• Regaining self-confidence and learning to occupy the space they deserve (Carpenter et al., 1999, pp. 1402-1411).
• Renewing energy, regaining enthusiasm for the future and leaving behind the fear of illness or of what might happen.
On the other hand, based on the type of professional responsible for accompanying patients, it is proposed to include as an important attribute to strengthen the relationship between the two, both training in professional coaching and experience as a patient who has undergone the same experience.
Therefore, the ideal profile of the coach working with patients is a professional in whom professional coaching training and patient status converge, characterised by the following aspects:
• The patient coach does not belong to the medical team, but as in any other coaching relationship, he/she positions him/herself as an equal to the other patients. Therefore, no medical training is required.
• The patient coach is a professional coach who has acquired the knowledge and mastery of coaching tools and techniques and is able to perform spontaneous coaching interventions with some of the participants throughout the implementation of the model.
• The coach shares the same diagnosis with the patients. Having lived through similar experiences helps to build trust and empathy in the group because, as patients who have collaborated in the study have indicated, "in addition to her professional skills, the coach knows what she is talking about because she has been through what we have been through". Aware of the limitations of this requirement, patient coaches could be coaches who, although they do not share the diagnosis, have experienced it very closely (family member or close friend).
• The patient coach is not responsible for the patient's health. Their role is to make the patient take responsibility for themselves.
Both from a communicative and relational point of view, the patient's position vis-à-vis health professionals, as well as his or her needs, have evolved over the years. While until the mid-20th century the relationship between the two was asymmetrical, from that time onwards the patient began to gain power, acquiring more autonomy and choice.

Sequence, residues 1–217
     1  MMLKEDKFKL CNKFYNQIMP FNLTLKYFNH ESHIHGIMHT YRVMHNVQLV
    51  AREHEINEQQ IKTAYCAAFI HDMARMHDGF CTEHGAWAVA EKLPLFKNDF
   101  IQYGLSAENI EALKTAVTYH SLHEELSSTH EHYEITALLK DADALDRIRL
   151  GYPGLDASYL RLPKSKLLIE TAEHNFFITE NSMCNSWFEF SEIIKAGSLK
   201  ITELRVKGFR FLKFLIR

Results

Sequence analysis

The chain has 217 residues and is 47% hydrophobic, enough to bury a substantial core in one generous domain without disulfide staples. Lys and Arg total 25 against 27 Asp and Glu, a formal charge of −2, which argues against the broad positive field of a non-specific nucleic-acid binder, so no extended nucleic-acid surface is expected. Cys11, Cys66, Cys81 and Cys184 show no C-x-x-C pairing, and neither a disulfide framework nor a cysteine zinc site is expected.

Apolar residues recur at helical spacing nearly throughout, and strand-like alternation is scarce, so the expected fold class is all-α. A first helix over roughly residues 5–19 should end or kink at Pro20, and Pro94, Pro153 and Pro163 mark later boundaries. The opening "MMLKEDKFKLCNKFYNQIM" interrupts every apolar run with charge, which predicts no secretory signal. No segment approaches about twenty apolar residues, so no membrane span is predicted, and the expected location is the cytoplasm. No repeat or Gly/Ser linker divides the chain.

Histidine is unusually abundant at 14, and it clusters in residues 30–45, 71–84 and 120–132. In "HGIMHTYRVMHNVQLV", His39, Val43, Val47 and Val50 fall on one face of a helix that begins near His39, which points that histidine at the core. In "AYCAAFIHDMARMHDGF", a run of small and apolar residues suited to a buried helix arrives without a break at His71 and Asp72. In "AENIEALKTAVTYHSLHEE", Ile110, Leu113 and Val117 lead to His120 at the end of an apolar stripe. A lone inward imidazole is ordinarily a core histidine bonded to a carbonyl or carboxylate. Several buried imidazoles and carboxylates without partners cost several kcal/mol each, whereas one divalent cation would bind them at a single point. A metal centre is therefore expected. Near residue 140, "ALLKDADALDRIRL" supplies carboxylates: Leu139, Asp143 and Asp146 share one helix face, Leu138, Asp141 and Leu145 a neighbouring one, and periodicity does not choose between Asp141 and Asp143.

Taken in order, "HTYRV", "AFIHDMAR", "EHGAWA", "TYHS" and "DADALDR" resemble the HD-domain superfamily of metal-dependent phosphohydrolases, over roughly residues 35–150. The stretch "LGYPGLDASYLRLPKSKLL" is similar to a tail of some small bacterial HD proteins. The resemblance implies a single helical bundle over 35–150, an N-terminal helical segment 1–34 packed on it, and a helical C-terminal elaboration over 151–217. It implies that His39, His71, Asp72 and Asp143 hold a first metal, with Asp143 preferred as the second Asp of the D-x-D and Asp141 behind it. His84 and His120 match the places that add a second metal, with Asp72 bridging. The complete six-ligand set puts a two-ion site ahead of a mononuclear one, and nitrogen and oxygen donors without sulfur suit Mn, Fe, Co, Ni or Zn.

The 21st century patient is an active patient, seeking tools that allow him to make decisions related to his illness and his life, based on his own criteria. Among the skills that are necessary in the communication process between the patient and the medical team are active listening, which facilitates the opening up of people, empathy, which helps the patient to feel accompanied, open questions, which help to establish a relationship of trust based on a common objective, and an attentive gaze, which is born of respect and helps to create a safe environment.
Although the discipline of professional coaching combines these skills in its practice and opens the door to a new model of relationship with the patient, in the interests of patient empowerment, the analysis of the different modalities of health coaching and its practitioners reveals a gap that the coaching for patients proposed in this article and defined on the basis of the research with patients presented in Ferreiro's thesis, aims to fill.
Patient coaching is a new way of communicating and relating to patients, which aims to provide them with what they need for their empowerment, in line with the demands of the 21st century patient. It is characterised by a number of elements that patients describe as key to this new relationship:
• It is a model designed specifically for patients and their specific needs.
• The professional coach practising patient coaching does not belong to the medical team.
• The coach shares diagnosis with the patient.
• The patient acquires responsibility in the relationship with his or her condition.
• The patient obtains tools that help them in their day-to-day life.
• The objectives of the relationship are focused on the present and the future, with a view to regaining hope and leaving behind the fear of what might happen.